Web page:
As a small to medium-sized business, keeping your eye on the shift in the macroeconomics of the country isn’t always where your attention goes. The impact of the Covid-19 pandemic is forcing SMEs to start taking a keen interest and understanding of the “big things” happening in the economy and the impact these changes will have on their businesses, writes Kojo Baffoe.
By nature, entrepreneurship involves a drilling down to the micro when it comes to understanding the relevant sector or industry, competitors, geographical location, individual customers, etc.
You started your business when you saw a gap in your immediate market and built your business around that, with considerations of scale coming after you were more established.
Or even, despite an opportunity to scale up the business and tackle a broader market, you decided to keep the business focused.
This has possibly had to change as you navigate an economy that is beginning to open up. You have an idea of the real challenges that face your business specifically but trying to make sense of the broader issues that are facing the country, particularly from an economics perspective, are a little harder to get a handle on.
At a time when we are truly facing a global and a national challenge, unfortunately it means that we cannot simply stay focused on the micro. The macroeconomic landscape is having a significant impact on our ability to start and maintain our businesses.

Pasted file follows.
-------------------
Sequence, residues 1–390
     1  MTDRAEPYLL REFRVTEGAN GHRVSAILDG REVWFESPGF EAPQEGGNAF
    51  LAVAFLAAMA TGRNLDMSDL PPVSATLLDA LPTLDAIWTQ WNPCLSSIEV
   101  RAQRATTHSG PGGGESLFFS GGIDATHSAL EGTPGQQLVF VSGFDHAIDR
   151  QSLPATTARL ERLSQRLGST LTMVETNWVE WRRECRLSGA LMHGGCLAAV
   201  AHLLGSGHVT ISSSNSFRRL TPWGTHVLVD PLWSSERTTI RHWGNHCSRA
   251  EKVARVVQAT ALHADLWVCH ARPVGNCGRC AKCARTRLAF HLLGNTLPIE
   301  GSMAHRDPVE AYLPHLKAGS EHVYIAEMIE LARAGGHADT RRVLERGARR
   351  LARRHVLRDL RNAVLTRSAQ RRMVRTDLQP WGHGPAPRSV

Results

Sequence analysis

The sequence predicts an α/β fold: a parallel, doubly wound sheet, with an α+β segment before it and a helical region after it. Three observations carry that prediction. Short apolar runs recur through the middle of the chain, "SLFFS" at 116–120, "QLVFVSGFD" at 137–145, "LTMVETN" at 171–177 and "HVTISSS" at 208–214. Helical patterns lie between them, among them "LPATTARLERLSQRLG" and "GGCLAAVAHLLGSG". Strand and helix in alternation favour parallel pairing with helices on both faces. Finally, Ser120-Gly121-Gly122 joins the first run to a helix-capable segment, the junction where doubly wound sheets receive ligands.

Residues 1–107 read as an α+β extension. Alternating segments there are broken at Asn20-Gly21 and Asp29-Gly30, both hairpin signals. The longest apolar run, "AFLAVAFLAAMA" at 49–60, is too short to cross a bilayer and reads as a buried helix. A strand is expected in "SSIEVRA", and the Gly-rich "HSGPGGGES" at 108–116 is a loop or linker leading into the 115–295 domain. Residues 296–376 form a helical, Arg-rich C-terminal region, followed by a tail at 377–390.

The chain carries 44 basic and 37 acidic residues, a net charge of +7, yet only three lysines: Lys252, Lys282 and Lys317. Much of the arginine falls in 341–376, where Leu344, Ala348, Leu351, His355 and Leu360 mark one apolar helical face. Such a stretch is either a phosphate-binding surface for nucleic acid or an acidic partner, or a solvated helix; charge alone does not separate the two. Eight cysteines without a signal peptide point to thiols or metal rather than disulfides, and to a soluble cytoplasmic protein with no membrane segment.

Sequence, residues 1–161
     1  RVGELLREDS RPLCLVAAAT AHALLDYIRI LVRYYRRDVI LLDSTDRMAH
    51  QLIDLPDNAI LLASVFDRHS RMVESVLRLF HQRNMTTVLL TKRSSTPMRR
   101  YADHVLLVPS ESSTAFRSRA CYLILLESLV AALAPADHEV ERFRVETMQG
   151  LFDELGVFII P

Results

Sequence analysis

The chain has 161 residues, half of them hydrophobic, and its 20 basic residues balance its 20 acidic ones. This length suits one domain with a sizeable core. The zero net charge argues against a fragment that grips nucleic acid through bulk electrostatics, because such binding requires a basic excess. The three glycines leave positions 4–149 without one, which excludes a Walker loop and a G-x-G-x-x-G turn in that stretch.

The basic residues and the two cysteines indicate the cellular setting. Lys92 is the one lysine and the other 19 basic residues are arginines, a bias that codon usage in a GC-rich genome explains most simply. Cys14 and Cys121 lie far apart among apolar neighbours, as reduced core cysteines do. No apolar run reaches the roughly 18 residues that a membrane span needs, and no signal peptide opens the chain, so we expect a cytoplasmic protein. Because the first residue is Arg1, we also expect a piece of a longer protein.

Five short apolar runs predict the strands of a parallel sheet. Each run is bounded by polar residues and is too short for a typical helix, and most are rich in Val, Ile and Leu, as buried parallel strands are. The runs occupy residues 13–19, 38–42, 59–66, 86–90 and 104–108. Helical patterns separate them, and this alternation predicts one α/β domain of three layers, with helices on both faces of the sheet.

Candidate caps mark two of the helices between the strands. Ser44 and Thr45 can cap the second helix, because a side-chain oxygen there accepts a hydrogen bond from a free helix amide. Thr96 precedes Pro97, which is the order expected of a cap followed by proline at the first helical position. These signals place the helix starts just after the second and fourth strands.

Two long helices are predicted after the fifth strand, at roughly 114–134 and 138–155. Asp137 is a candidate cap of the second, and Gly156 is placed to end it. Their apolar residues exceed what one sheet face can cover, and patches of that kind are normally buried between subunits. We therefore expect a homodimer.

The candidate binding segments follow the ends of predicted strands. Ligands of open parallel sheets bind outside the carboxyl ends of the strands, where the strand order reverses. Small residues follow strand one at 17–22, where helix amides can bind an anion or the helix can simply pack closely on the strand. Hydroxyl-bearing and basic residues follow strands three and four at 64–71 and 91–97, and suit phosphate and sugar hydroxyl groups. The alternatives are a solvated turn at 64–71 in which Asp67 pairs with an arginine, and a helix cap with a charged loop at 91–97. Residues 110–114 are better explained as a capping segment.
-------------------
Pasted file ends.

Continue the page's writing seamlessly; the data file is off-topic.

Merriam-Webster defines macroeconomics as “a study of economics in terms of whole systems especially with reference to general levels of output and income and to the interrelations among sectors of the economy.”
Everything from minimum wages, monetary policy, financial sector regulation, and inflation to unemployment, business cycles and economic growth all have a real impact on business, regardless of size, whether we realise or like it or not.
When you look at the ability of consumers to spend, and buy your products and services, the growth rate of the economy, levels of unemployment, inflation, etc, indirectly and directly, affect how much money they have in their pockets and how far that money can go. It is about demand.
In addition, it is also about how to stretch your own capital in being able to survive the challenges that Covid-19 has brought and be sustainable.
The lockdown resulted in most economic activity being put on extreme hold. There have been various funds made available to business, but it is important to have an understanding of how that fits into the overall macroeconomic policy of the country, in addition to what it means on a micro level.
Or, when you look at the regulations in place and the country’s monetary policy and how this affects both the ease of setting up and doing business, and the availability of capital to enable you to continue to build your business
The reality is, while we are revisiting our businesses, while we are going back to basics and pivoting, we do need to take macroeconomics into consideration. It can be overwhelming, but it is important that we, at times, take a bird’s eye view of the economic landscape.
This, combined with the creativity and innovation required to operate within these evolving and uncertain times, puts you in a stronger position to continue to build the business that you envisioned